SOUTH BEND — On this Veterans Day, we remember an important part of World War II history that took place on the waters of Lake Michigan.
The U.S. Navy used the lake to train thousands of pilots heading to fight in the Pacific.
Pilots learned how to take off and land on makeshift aircraft carriers.
When Pearl Harbor was attacked - the U.S. Navy was not prepared to wage a large-scale war.
The U.S. had to ramp up airplane production and train pilots to fly them.
Lake Michigan proved to be a great spot for this naval aircraft training. It was protected from enemy fire because it's insulated by U.S. and Canadian territory.
17,000 pilots became certified naval aviators over the lake.
About 130 aircraft were lost to the depths of the lake, and 10 pilots lost their lives there between March 1942 and September 1945.
Close to 50 of those have since been recovered. Many of those efforts are thanks to A & T Recovery, a company that works to rescue these forgotten aircraft.
"It was a dangerous operation – especially having to do it all year long. And they had to, because the war didn't stop.," says Taras Lyssenko, A&T Recovery General Manager.
Decades after the last plane dove into the lake, A & T Recovery seeks to bring them back out to see the light of day.
They use a side-scan sonar to find the aircraft underwater. It's similar to an ultrasound.
Lyssenko says, "It uses a sound wave, and it listens for an echo return, and draws an image of it."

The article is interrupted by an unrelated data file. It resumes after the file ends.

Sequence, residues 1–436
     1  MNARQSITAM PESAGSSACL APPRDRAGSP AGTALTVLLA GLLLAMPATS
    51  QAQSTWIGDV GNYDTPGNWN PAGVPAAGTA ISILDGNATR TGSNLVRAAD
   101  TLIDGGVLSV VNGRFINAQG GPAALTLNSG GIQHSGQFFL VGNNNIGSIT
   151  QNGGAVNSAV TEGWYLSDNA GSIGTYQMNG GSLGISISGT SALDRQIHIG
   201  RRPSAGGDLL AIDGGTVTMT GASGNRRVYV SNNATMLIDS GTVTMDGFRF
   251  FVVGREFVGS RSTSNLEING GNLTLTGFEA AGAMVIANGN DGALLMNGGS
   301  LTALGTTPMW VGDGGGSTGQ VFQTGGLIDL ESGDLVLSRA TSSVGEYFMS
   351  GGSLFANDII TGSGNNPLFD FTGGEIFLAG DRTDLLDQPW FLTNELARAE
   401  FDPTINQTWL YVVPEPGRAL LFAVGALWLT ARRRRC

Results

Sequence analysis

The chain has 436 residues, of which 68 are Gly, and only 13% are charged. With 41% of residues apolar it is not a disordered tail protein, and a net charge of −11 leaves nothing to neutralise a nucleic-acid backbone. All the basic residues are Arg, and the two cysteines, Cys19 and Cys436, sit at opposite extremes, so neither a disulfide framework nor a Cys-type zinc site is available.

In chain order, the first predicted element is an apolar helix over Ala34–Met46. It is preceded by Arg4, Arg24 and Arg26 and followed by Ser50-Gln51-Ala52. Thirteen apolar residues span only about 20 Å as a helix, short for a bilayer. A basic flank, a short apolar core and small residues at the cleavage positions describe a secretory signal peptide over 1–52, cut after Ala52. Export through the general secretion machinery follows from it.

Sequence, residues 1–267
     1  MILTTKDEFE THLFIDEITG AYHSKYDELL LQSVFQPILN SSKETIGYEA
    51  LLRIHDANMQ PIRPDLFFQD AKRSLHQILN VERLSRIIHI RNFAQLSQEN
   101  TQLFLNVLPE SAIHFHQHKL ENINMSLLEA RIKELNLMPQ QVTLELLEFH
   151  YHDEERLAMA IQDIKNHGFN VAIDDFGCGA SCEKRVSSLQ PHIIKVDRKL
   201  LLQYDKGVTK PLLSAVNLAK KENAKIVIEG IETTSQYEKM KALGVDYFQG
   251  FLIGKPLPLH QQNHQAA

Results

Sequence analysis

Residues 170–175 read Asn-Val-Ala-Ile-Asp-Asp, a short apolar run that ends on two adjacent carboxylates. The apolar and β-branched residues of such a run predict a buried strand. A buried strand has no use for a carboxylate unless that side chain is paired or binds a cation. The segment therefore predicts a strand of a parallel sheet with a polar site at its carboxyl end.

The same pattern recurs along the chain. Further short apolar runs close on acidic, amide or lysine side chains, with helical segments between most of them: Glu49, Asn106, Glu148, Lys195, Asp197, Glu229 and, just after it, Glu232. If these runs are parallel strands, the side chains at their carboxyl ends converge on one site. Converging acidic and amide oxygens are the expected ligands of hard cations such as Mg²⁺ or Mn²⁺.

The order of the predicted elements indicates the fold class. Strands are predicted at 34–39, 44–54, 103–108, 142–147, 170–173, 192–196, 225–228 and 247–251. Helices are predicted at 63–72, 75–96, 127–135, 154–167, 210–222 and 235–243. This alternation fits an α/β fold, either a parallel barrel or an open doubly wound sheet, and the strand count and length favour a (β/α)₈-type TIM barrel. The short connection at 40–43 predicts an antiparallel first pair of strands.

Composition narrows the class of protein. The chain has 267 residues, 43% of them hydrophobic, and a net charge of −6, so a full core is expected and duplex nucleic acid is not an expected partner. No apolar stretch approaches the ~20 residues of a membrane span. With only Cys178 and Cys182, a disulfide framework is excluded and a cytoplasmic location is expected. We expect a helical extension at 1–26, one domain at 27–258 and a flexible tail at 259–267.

The process of recovering and restoring the planes is a long process.
Three of recovered planes are currently at the Air Zoo in Kalamazoo. One is fully restored, while two are undergoing restoration.
At least 100 volunteers are working to get the planes just as they appeared when they sunk in the water.
Restoration volunteer Kevin Mazer says, "We have to create our own tools to be able to fix the parts that – those tools aren't available anymore."
"When these airplanes come out of the water they are covered inside and out with mussel shells, and they're living creatures," says Greg Ward, Air Zoo Aircraft Conservator. "They're invasive species that were brought into Lake Michigan, and they cause corrosion."
Greg Ward has been restoring planes at the Air Zoo for 28 years.
At the moment, he and restoration volunteers have their hands full with these two planes now, but that's not distracting him from the need to rescue others resting at the bottom of the lake. He is concerned that time is ticking.
"Think about all of the other airplanes that are sitting on the bottom of the lake, covered in these mussels. Now, it's become almost an emergency to get funding, and get these airplanes recovered before they get turned to dust underwater," says Ward.
That's something A & T Recovery and the Air Zoo won't stop working on.
The Air Zoo invites schools and the public to come help with the restoration process.
"Instead of doing it in a black box somewhere - where it goes in and five years later 'voila' look at our new airplane - we're actually doing it on our exhibit floor because we want our community to not only see it and watch the evolution of it, but we also want them to take part in it," said Air Zoo CEO Troy Thrash.